At work, I spend a lot of time counseling both adults and children on health and nutrition. I understand the delicate line between doing emotional harm and crushing the self-esteem of young kids and teenagers and gently encouraging them to make healthier choices. I am careful to spin this in a positive way, focusing more on the benefits of eating healthy foods and avoiding too many sugary drinks and fast food. I don’t spend a lot of time focusing on specific numbers on the growth chart or scale but rather encourage good behaviors.
But as a mom, this issue completely stresses me out. I stress about how much I stress about my kids’ diet. I’m not going to go into the statistics and science on kids and sugar today, but to summarize it for the sake of this post, overconsumption of sugar today is a major health problem.
I know the harms of never allowing my kids to have junk food or any sugar at all. The restriction can backfire when they don’t learn how to enjoy these foods in moderation. And I truly don’t think having some once in a while is bad and I want them to enjoy it!
But the amount of sugar they’re offered any given week that is out of my control has become ridiculous. It’s not anyone in particular’s fault. I think most people agree that everything in moderation is ok and can be incorporated into a healthy diet.
But “moderation” seems to present itself multiple times a week or even multiple times a day in different forms. Each incident in itself might be harmless, but the cumulative effect is where the unintentional harm is coming from.
Donuts are offered at church every week. Sports drinks and fruit snacks are handed out after soccer games. Concession stands, birthday parties, special outings with grandparents, suckers offered after gymnastics for a good practice, all of this adds up. And God forbid they go to any sort of meeting or function lasting more than 30 minutes where a snack isn’t offered. I find it rare a day goes by where a “treat” isn’t offered to my kids. But when something is consumed every day, it’s no longer a treat, it’s an expectation.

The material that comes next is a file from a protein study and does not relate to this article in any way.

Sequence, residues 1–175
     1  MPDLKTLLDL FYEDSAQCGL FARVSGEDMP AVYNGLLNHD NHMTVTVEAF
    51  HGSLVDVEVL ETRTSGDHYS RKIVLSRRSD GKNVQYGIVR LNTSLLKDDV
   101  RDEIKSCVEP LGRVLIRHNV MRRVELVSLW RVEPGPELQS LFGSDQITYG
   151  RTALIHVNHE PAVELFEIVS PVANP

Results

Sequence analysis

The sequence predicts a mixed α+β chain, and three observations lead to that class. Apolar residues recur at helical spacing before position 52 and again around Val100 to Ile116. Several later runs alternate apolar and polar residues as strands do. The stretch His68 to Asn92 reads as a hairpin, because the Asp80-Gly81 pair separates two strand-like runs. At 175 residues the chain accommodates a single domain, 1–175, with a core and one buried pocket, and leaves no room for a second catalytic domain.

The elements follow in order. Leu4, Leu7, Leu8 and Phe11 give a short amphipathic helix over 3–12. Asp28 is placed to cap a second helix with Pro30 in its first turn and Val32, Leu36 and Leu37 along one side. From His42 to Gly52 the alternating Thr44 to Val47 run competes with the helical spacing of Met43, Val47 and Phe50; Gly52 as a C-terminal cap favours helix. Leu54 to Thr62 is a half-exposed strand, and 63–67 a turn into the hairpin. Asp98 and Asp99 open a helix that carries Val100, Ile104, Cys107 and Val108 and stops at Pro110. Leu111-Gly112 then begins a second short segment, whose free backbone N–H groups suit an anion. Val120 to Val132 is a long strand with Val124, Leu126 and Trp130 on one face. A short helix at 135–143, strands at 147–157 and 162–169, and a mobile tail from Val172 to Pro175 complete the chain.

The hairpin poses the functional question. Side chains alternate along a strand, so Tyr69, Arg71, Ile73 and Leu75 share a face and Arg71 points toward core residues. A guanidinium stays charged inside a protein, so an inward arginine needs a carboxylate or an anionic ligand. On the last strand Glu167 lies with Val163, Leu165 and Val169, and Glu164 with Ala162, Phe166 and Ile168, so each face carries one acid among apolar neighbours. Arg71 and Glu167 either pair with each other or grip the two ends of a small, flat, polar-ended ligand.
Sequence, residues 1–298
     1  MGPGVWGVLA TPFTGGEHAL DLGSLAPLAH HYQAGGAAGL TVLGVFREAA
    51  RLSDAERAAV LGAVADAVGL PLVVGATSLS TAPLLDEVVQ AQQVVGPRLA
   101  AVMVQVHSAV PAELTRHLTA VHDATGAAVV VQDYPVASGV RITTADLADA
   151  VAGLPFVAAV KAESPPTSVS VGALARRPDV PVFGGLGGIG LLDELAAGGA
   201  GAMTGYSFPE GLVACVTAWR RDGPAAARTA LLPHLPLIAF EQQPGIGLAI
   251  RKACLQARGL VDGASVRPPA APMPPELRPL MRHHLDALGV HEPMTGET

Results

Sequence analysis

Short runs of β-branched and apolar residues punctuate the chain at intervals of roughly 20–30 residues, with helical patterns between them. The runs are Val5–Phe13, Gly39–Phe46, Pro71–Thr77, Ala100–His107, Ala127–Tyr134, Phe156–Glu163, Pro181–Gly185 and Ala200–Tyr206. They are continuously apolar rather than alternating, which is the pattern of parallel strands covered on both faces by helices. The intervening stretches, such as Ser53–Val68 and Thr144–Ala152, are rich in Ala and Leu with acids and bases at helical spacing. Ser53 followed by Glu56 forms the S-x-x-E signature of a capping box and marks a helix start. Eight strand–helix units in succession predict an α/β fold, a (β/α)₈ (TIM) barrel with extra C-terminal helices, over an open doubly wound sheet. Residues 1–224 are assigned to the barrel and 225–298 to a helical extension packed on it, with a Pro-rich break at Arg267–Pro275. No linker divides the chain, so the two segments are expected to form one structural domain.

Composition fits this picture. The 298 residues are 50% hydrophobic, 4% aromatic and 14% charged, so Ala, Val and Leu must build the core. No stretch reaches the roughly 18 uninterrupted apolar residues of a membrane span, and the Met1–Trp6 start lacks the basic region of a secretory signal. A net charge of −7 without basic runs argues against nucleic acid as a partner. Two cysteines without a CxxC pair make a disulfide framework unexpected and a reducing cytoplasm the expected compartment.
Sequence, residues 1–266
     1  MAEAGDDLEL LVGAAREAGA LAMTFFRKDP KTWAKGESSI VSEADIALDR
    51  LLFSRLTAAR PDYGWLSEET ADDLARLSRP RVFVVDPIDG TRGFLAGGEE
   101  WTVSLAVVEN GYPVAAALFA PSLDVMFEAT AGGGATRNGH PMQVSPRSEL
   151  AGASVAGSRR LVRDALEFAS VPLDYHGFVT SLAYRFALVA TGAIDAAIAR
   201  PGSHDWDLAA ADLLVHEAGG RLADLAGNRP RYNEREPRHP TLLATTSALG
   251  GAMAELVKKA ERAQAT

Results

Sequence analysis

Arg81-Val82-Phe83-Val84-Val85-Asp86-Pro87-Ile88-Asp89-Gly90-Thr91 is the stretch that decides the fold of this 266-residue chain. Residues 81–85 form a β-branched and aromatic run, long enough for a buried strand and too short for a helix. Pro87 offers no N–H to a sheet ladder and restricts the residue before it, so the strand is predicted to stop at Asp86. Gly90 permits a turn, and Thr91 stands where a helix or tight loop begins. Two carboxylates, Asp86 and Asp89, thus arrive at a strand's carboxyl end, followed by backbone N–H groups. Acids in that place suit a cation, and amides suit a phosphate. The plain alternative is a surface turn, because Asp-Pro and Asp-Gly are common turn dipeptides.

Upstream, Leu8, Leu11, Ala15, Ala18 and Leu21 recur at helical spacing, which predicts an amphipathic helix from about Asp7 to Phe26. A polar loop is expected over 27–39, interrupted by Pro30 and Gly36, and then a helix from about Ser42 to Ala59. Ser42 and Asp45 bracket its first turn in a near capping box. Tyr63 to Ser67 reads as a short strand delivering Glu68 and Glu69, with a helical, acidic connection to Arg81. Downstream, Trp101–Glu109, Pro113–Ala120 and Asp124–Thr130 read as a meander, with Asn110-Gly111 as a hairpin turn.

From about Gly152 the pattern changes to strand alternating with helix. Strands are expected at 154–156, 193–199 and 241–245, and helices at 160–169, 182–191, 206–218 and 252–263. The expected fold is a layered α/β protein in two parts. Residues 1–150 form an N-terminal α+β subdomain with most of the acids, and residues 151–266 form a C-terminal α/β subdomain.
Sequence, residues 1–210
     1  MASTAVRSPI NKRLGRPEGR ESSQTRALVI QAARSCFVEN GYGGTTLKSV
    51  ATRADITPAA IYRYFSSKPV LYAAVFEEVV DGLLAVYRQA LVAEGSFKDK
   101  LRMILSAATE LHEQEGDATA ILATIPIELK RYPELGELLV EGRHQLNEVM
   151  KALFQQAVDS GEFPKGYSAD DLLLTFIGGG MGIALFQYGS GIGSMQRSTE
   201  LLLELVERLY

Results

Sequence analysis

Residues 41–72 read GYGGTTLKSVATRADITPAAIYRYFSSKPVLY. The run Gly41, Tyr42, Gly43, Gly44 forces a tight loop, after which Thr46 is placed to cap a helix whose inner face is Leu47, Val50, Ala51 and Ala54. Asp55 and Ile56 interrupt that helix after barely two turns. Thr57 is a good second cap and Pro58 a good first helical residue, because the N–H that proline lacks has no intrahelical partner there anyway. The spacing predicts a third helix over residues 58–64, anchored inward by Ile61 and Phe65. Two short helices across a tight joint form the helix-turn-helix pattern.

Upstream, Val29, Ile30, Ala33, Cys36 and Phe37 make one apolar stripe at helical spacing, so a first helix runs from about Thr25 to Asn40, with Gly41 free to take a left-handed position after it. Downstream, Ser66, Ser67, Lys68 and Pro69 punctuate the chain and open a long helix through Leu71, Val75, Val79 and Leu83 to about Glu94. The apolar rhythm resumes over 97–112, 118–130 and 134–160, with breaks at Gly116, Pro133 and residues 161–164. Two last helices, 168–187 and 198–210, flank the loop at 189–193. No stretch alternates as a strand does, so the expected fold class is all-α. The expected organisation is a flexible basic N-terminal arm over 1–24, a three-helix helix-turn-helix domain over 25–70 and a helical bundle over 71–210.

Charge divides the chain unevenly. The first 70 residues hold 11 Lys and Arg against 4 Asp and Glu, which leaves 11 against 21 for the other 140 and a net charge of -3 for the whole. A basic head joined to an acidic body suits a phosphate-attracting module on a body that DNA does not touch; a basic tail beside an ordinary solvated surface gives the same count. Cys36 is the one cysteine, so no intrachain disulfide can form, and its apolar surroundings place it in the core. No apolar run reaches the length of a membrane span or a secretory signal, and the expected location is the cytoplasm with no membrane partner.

My kids used to rarely ask for a cookie or treat. Now, they ask almost daily and when I say “No, didn’t you already have a treat today?” The response is “Yes but only one so far.”
This hit me hard on Valentines Day last month. Each of my kids received loads of candy valentines from their classmates (nevermind we literally just got rid of Halloween candy from October! The new stash should last us until Easter). My 4-year-old had a Valentine party at school where they celebrated with cookies and cupcakes. Each of my kids received a treat basket from their grandma that day. By the time dinner rolled around and each told me about their day, they had well beyond a reasonable amount of sugar for an entire week. I tried not to get too worked up about it telling myself once again, it’s a special occasion, a holiday even.
That is until I took my daughter to Girl Scouts that night and the snack offered was a box of donuts and juice boxes. At 6 pm.
Something in my mind snapped and I literally had to leave the room I was so frustrated. Then I felt bad for being frustrated. I think my professions as a dietitian and physician assistant in primary care make it worse. I’m constantly doing a mental dance between worrying about their health and about giving them an eating disorder. I’m upset with myself for being ungrateful because it was very thoughtful and kind for that mom to stop and spend her own money on these delicious donuts from our local bakery. It’s such a blessing that my kids’ grandma likes baking cookies and makes their favorite treats. I love that our daycare wants to have fun parties and that teachers and programs care enough about kids to make sure they’re not hungry.
And to be honest, part of this is selfish. I actually wanted to go out and get my kids a special Valentine treat but didn’t because I knew they would be getting so much elsewhere. I love baking homemade cookies with my daughter, or taking my kids out for ice-cream, but rarely consider it anymore because by they get so much of this elsewhere.
I’m not sure what the answer is, but I know I’m not the only one. Other moms have expressed this frustration to me, too. This pediatric cardiologist wrote a similar post about his concern with kids and the amount of sugar they’re offered during activities.
I suppose it all starts at home, trying to teach my kids to make good choices. If it’s my turn to bring a snack, I’ll just be the lame mom that offers clementines or carrots I guess. If I want to do something special for my kids I’ll buy them a gift. And maybe follow up with a post about minimalism and clutter.
For now, I’m mostly curious about what others think of this. Let me know your thoughts and how we can work on this!